Ohio Biographies

William Bushnell

Many living now, even many whose years do not as yet carry them beyond childhood, know of Dr. William Bushnell, and yet the old men and women, those of sixty and seventy and eighty years of age, in the county and all the country round about, knew well the man who late in 1893 passed from earth. What a long life he had! How full of activity and full of usefulness. How much of growth he witnessed, born in A.D. 1800, and died in 1893. Born in New England, with his parents he came to Ohio. Sufficiently grown he became to go with his father who was an officer, part the way to Put-in-Bay, where and when Commodore Perry gained the victory over England's ships and guns. A teacher of youth, having acquired himself a fine education, he aided his father to remove his growing family from Trumbull county into the newly opened lands of Richland, with his own earnings paying for the farm on which that family found a home during the remainder of the life of his parents. Then taking up the study of medicine, and to enable him to defray the expense thereof, traveling southward, and there engaged in teaching the sons and daughters of the planters of Louisiana. Returning to Ohio, establishing himself in practice in Portage County, invited by Dr. Miller to Mansfield, and coming hither early in the twenties and here remaining, prosecuting his profession with assiduity, diligence, intelligence. For many years the associate of all the professors of the medical school at Cleveland, one of the censors at that distinguished medical college. Chosen again and again and still a third time to make the laws of Ohio. He was a member of the 49th., 50th. and 58th. General Assemblies. A close observer of nature, of the growth and progress of the country, of the movement westward of the star of empire, he became not only interested in the construction of railroads in Ohio, but put in peril his private fortune for the building of the N.Y.P.&O., now a constituent part of the Erie. In Iowa, he invested his savings and in that state, which has more arable land and less waste than any other state in the Union, he became a large land-holder. In his old age he made the journey across the sea, as a representative of Ohio to a congress called for the bettering of the condition of humanity the wide-world round. He visited Norway and Sweden and Russia, and was accorded an interview with crowned heads of Europe and the uncrowned kinds of the world of science, and returning home he was more and more satisfied with the civilization and progress of the land of his nativity. His life work was with the humble and lowly, nursing the sick, relieving the distressed, restoring to health the sons and daughters of men; and he was crowned with wonderful success, for his skill, knowledge and patience were marvelous. By many who only knew the outside of the man, he was not correctly measured. By some he was looked upon simply as a money maker, and that he was, but he was more. His contributions to the poor aggregated thousands, and his old book accounts show that he gave to others in time, skill and service, an aggregate sum equaling an ordinary fortune. His personal appearance and bearing are by the present generations well remembered. In stature an average man, his movements were easy, seemingly never rapid, but always constant, his eye was deep and clear and bright, and brim full of compassion; his countenance very attractive, even in his old age. When a young man, when in middle life, genteel and tasty in his dress; in his last years more unmindful of the outward adornments of dress, yet never forgetful of the requirements of the society in which he moved. All his life he mingled with his professional duties and engagements, much study of horticulture and the propagation of fruits. He delighted in luscious fruits, and lived much more on grains and fruits than meats. He was a student of men and things, and though staunch in his attachment to the political party of his choice, he was not a partisan to the extent that he regarded all the good to be found only in one party organization. Many years ago he was deprived by death of the wife of his youth. Never marrying again he cherished his only daughter, and buried her when hope was brightest. His latest years were in companionship of his only son and son's family, and his special gratification was in the fact that one of his grandsons and his namesake was to be his successor in the medical profession. In that he gloried and it was well, for his more than sixty successive years of successful practice, may be repeated in his posterity. This old man was my friend when I was a boy, and when I became a man, and in time I became his advisor, and his friendship I greatly prized.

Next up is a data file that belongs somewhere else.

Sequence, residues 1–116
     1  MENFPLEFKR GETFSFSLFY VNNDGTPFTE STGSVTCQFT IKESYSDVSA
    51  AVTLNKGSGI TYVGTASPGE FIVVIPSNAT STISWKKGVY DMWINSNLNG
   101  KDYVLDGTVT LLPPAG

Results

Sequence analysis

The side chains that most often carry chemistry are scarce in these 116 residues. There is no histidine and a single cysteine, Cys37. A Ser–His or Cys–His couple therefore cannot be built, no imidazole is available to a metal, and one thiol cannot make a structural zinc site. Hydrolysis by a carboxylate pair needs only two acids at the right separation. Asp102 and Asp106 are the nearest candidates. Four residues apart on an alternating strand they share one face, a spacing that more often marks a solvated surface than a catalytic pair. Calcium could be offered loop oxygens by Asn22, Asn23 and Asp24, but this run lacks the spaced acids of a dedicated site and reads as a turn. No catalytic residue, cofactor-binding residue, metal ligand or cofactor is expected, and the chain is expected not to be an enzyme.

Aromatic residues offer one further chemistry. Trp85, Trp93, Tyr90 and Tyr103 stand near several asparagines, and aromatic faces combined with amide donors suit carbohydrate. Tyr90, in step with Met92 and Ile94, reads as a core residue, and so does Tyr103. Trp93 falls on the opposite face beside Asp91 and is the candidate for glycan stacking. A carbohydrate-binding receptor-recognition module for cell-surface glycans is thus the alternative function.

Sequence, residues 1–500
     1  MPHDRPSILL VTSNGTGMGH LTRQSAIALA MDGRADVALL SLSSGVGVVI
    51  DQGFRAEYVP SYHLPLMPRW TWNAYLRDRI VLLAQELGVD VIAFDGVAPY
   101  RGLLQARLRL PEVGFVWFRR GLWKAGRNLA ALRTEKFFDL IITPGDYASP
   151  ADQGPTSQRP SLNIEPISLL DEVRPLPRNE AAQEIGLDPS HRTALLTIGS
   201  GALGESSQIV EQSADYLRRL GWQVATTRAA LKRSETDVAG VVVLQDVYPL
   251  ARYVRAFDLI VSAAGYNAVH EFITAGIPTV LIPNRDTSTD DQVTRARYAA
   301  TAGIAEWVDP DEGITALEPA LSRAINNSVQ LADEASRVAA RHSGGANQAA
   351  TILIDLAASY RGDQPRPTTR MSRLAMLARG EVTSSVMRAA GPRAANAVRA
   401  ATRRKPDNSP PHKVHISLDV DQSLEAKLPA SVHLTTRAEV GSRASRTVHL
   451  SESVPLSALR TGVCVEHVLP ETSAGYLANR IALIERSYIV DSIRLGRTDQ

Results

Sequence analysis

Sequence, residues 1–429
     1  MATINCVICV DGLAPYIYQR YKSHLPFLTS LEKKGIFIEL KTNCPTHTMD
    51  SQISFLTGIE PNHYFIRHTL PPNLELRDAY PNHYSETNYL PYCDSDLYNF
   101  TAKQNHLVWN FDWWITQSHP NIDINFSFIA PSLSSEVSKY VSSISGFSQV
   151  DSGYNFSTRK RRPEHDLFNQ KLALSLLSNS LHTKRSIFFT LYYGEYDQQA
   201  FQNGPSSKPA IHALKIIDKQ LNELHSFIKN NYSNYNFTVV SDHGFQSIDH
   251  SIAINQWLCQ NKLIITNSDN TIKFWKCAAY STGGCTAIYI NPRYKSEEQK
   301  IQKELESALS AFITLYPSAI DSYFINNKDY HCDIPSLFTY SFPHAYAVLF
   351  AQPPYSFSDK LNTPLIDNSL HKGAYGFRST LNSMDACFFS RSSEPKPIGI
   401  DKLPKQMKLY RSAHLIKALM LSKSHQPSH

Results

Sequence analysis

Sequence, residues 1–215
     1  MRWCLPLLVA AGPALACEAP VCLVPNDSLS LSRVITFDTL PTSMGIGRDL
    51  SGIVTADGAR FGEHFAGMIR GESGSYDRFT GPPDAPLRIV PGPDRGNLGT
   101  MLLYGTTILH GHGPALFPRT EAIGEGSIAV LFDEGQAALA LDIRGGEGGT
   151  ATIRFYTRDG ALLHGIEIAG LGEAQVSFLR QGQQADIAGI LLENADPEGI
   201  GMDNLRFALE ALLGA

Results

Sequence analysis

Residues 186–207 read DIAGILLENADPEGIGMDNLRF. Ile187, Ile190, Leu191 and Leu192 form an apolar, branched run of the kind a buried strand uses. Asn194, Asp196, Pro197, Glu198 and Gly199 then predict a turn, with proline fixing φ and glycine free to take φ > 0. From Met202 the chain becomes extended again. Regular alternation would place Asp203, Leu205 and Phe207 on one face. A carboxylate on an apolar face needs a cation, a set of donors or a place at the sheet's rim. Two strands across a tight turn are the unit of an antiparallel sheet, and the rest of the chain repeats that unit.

From Richland Shield & Banner: March 16, 1895, Vol. LXXVII, No. 44